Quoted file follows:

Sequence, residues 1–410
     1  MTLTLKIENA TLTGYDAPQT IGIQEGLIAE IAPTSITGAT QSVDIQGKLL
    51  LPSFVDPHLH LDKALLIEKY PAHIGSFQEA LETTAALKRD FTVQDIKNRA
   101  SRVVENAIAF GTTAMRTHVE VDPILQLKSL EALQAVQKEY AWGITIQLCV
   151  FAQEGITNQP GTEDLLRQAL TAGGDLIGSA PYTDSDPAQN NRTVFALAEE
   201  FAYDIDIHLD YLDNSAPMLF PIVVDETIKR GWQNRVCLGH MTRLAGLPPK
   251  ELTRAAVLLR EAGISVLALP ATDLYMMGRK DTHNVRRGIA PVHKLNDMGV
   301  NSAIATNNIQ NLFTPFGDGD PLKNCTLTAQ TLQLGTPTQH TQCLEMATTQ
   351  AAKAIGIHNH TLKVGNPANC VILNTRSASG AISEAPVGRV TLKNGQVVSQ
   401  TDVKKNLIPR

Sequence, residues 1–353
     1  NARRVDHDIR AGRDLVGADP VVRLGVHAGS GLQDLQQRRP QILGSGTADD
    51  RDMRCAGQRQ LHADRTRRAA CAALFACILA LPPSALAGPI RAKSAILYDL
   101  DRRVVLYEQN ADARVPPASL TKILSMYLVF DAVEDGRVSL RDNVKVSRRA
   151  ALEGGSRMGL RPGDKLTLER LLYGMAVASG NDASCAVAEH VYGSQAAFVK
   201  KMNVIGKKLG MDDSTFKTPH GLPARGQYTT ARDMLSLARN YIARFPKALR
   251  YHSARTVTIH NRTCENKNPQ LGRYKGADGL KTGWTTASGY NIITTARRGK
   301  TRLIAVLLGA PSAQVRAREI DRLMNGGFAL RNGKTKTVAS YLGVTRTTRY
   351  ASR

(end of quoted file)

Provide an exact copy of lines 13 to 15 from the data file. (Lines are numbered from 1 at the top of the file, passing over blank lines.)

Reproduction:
    51  RDMRCAGQRQ LHADRTRRAA CAALFACILA LPPSALAGPI RAKSAILYDL
   101  DRRVVLYEQN ADARVPPASL TKILSMYLVF DAVEDGRVSL RDNVKVSRRA
   151  ALEGGSRMGL RPGDKLTLER LLYGMAVASG NDASCAVAEH VYGSQAAFVK